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Primary, Secondary and Tertiary Sources

Lesson Overview

In this lesson, you will learn about:
  • Primary sources
  • Secondary sources
  • Tertiary sources

Primary Sources: Definition

Primary sources have not been evaluated or interpreted by anyone else. They are original materials that you can evaluate on your own.

Using primary sources in your research allows you to back up your thesis statement with your own argument, because the information within primary sources has not been
affected by another person’s point of view or opinion.

Primary sources can also help you better understand the point of view of people who experienced an event or time period.

Examples of Primary Sources

Here are some examples of primary sources:

Letters, diaries or autobiographies

Photographs

Newspaper reports

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Speeches (either the transcript or audio)

Creative works like paintings, novels or plays

Data from surveys, polls and experiments

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Secondary Sources: Definition

Secondary sources interpret, critique or analyze primary sources.

Secondary sources are created when someone looks at primary sources and makes a decision about their meaning. You are doing that, too, when you use primary sources in your research paper!

Examples of Secondary Sources

Here are some examples of secondary sources:

Textbooks and biographies

Reviews or criticisms

Encyclopedias and dictionaries

Newspaper or journal articles that analyze or discuss events and ideas

Journal articles that review and analyze primary sources

Tertiary Sources: Definition

A tertiary (pronounced “ter”-“she”-“airy”) source provides a summary of primary and/or secondary sources. Tertiary sources are:

  • Often strictly factual
  • Do not include analysis or opinions
  • Not appropriate to cite in a research paper

Tertiary sources are useful for gathering background or general information on a topic in the early stages of your research project. Since they give a broad overview of
information, you should not use them as sources to directly answer your hypothesis.

Examples of Tertiary Sources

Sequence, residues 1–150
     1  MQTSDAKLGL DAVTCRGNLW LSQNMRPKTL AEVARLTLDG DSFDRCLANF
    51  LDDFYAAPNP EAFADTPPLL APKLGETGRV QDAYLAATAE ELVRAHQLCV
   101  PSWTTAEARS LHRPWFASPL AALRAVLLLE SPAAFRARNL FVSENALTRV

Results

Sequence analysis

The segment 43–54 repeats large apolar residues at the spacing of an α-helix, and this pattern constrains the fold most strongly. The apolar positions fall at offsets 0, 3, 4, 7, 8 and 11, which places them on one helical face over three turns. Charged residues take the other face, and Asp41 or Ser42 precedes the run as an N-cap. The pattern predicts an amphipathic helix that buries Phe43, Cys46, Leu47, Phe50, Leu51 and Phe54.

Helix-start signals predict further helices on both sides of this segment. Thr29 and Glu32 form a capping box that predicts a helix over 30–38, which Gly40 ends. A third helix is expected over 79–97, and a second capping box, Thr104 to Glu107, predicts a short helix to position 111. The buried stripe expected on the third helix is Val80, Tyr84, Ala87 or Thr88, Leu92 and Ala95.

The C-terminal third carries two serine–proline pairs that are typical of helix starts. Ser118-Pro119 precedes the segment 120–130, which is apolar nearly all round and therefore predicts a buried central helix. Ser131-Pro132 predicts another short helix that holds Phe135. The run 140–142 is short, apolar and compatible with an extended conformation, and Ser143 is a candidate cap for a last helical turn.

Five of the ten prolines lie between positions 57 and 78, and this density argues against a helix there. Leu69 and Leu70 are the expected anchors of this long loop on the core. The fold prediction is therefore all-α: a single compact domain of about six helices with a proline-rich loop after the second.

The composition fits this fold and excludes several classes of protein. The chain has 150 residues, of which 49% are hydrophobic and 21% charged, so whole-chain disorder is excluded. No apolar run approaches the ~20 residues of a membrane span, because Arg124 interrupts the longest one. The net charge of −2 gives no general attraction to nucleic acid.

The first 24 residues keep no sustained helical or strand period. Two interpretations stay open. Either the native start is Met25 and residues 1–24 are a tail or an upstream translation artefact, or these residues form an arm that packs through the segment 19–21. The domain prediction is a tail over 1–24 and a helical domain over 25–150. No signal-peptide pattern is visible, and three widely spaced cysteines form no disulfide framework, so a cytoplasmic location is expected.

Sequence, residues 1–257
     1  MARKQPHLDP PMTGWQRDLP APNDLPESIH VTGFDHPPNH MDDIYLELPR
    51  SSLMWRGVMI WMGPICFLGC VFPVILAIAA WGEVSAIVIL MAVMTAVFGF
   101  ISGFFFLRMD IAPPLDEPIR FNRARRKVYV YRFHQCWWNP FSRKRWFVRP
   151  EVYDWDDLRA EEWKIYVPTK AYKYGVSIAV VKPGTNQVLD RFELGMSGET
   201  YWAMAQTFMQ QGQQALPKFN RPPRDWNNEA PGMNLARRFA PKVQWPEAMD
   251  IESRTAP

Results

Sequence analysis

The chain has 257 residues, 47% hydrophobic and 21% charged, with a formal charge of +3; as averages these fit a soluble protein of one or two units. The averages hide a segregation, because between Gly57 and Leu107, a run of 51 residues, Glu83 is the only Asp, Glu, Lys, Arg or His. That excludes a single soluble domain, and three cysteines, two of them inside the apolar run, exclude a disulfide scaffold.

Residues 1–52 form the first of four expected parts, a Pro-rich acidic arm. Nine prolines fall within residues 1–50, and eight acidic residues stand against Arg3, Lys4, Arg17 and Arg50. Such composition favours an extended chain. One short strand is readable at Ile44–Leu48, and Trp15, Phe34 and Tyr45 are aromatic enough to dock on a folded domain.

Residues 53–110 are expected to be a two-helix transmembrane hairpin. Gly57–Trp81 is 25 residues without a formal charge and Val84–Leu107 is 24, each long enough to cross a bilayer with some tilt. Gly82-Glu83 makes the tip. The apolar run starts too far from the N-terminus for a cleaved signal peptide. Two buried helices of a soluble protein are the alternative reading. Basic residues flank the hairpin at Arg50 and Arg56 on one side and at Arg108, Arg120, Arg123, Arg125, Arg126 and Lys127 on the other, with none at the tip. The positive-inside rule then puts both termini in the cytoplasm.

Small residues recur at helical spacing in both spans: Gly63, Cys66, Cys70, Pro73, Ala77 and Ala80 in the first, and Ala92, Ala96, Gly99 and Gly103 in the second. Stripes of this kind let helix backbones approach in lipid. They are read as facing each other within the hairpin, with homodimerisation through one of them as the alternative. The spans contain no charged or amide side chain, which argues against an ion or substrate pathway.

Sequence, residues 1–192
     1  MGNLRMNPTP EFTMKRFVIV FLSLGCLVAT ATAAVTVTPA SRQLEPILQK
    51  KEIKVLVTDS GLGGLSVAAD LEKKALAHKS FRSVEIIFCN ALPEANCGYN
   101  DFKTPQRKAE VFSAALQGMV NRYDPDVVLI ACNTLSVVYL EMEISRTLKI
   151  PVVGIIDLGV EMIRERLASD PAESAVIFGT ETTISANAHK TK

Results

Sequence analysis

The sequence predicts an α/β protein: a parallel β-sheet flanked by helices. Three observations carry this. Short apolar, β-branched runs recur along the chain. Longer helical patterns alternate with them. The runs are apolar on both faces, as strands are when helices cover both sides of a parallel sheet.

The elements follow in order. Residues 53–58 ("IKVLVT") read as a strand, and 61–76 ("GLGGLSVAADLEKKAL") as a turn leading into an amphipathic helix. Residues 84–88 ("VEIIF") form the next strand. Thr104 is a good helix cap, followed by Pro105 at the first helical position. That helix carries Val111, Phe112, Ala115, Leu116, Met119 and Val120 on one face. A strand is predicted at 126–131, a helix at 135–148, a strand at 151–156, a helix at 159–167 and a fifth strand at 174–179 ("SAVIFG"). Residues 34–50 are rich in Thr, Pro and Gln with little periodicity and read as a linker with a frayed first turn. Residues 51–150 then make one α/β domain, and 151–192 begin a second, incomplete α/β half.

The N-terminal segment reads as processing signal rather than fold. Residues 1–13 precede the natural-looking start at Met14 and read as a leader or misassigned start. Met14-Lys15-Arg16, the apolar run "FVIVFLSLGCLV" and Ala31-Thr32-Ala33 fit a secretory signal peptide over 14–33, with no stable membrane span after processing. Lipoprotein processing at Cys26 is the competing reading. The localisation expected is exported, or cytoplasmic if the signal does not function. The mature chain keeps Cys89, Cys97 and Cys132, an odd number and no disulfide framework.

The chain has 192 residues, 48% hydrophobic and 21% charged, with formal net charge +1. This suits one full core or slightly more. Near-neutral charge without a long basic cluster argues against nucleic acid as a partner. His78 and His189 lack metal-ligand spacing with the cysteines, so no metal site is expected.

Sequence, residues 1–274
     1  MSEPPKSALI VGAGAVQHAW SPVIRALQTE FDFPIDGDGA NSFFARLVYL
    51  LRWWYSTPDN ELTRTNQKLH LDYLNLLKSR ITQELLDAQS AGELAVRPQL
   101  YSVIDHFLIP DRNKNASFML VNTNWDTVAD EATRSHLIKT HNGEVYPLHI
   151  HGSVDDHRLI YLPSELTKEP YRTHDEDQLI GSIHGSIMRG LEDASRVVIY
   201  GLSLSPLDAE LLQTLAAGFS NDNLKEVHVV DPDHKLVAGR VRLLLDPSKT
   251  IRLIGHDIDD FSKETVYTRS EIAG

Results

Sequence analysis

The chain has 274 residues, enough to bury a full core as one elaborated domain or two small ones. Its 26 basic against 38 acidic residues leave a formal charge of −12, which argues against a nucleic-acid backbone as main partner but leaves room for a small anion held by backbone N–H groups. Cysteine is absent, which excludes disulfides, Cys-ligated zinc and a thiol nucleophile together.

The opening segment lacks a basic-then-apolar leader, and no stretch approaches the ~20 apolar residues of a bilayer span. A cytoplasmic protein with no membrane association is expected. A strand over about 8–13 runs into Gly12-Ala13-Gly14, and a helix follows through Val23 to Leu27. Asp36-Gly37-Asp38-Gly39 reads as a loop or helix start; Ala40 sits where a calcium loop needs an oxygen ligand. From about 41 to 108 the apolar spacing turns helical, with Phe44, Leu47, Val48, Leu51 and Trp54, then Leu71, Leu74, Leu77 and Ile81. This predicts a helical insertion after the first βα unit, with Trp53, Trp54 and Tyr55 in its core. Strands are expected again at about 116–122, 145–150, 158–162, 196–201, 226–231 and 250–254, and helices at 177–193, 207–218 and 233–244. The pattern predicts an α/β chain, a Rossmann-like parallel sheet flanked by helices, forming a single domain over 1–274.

Here are some examples of tertiary sources:

Encyclopedias & Wikipedia

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Dictionaries

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Almanacs

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Textbooks

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Newspaper and Journal Articles as Primary and Secondary Sources

Newspaper articles can be both primary and secondary sources. Journal articles, too.

Newspaper and Journal Articles as Primary Sources

A newspaper article that is written close to the time of the event and includes interviews, transcripts, eyewitness accounts or raw data would be considered a primary
source.
 A journal article that is being reviewed or analyzed is also considered a primary source.

For example, an article published by The Revolution, a weekly women’s rights newspaper created and edited by Elizabeth Cady Stanton and Susan B. Anthony, would be considered a primary
source.

Primary Source: Example

This political cartoon is a primary source. It is a creative work and is from the same time period that Elizabeth Cady Stanton and Susan B. Anthony
fought for women’s suffrage.

Newspaper Articles as Secondary Sources

A newspaper article that is published after the fact and contains analysis, critiques, or opinions about events or data would be considered a secondary source.

This newspaper article, examining the relationship and contributions of Elizabeth Cady Stanton and
Frederick Douglass, which was published in 2008, would be a secondary source.

The author analyzed information from primary sources and other secondary sources to come to a conclusion about the two activists.

Secondary Source: Example

If you or someone else were to write an analysis or a commentary about that political cartoon, that piece of writing would then be a secondary source.

Are you reading a secondary source where someone else has analyzed a primary source, instead of letting the primary source speak for itself? In many cases, particularly if that person analyzing
the source is an expert, that’s not a problem. You can use that secondary source to back up your argument.